Throughout his time in office, Trump has vetoed the reappointment of all members who have reached the conclusion of their four year cycles, and failed to nominate replacements. In December 2018, the US trade representative blocked the most recent reappointment. Only one appellate each from the US, China, and India remain . If he acts consistently going forward, the AB will fall apart later in 2019, when two of the last three judge’s terms are set to expire . While Trump conducts an underground assault on the AB, he conducts a second, more public attack with his rhetoric.
Trump has not hid his contemptment for the WTO. In August 2018 he announced that “if they don’t shape up, I would withdraw from the WTO.” Even further, he claims that the US has “rarely won a lawsuit except for last year,” but “in the last year, we’re starting to win a lot… Because they know if we don’t, I’m out of there” . However, of the 54 cases brought by the US over the life of the WTO, it won at least one finding in its favor in 49 of them, or 91 percent of the time. Of the 80 cases brought against it, a WTO panel ruled against it in at least one aspect in 69 cases, or 86 percent of the time . In US-China disputes over the last sixteen years, the win-loss ratio is 19-0, with four cases pending . Thus the US wins about as much as it loses, if not more. Its record with China is particularly favorable. Still, Trump releases statements saying the contrary, damaging the organization's reputation.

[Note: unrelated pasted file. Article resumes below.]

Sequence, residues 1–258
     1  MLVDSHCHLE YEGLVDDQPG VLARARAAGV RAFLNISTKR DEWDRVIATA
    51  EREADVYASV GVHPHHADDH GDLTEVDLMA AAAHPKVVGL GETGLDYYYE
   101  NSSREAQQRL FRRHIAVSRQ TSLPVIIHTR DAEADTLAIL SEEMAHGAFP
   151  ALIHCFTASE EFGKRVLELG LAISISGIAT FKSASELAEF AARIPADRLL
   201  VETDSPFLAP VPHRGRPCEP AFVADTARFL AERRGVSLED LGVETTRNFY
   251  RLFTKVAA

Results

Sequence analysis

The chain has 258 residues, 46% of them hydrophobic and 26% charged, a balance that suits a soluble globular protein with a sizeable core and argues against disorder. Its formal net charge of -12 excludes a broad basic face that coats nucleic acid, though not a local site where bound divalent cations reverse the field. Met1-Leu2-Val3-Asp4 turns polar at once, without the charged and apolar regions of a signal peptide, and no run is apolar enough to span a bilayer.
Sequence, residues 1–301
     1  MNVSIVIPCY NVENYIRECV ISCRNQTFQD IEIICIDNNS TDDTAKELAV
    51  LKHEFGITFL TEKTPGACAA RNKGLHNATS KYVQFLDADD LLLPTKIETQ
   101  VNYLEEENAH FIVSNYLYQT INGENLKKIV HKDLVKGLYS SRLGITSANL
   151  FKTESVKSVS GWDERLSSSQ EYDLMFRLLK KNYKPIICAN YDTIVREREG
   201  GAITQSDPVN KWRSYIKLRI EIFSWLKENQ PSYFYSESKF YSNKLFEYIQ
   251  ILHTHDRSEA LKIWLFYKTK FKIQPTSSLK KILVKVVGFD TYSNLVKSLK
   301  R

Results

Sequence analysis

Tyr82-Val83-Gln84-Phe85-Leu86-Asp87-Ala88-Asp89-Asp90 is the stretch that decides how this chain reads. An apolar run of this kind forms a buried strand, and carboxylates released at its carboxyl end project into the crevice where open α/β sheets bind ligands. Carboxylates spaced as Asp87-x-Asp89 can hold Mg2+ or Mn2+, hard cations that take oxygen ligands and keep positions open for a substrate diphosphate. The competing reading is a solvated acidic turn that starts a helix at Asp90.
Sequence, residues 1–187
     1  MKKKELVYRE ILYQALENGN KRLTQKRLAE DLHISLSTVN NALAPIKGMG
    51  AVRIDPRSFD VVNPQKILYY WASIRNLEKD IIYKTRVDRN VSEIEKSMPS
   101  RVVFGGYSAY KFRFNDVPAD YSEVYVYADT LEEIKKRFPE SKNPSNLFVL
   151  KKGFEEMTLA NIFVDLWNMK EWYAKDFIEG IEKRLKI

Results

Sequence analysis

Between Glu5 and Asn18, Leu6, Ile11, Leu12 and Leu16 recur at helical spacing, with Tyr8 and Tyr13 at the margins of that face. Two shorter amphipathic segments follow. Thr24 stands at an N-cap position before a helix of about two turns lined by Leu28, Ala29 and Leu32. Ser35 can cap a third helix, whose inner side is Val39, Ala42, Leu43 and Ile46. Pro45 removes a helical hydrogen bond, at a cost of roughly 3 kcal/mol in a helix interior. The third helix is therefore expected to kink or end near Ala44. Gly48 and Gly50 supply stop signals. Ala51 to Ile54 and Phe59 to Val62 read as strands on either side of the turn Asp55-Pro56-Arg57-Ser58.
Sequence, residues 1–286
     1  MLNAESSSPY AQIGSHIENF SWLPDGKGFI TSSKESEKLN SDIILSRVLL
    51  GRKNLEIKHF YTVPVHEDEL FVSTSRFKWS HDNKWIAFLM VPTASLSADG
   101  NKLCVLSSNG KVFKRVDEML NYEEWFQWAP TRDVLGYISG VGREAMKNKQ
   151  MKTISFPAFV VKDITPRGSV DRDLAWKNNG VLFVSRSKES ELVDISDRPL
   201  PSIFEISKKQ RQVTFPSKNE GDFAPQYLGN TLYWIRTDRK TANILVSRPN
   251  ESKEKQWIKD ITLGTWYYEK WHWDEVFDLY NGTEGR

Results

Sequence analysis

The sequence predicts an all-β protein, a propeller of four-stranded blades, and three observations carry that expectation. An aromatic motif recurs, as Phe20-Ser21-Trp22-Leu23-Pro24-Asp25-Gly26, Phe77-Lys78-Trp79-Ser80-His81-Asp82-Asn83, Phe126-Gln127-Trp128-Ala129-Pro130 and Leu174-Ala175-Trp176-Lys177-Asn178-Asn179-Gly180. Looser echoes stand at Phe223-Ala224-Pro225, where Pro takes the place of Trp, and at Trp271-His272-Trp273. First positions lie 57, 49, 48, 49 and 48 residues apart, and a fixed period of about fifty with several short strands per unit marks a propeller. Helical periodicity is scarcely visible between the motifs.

At every available opportunity, the president chips away at the foundations of the global trade system. In response to a Chinese complaint in March 2019, Trump announced that import tariffs are necessary to national security. If filed to the WTO, the argument would set a bad precedent: a broad definition of security that could justify any unfair trade practice . In the same month, the dispute settlement body attempted to meet to discuss Venezuela’s effort against American tariffs. Trump refused to approve the agenda because he did not want to recognize president Nicolas Maduro’s regime. Event schedules must pass by consensus, but approval is historically a formality. A WTO agenda has not been turned down since 1999. . Both examples show Trump’s willingness promote his political interests at the expense of the WTO. Whether it is through the diminishment of the AB or the devaluing of its name, Trump is likely to cripple the fundamental conflict resolution mechanism of international trade.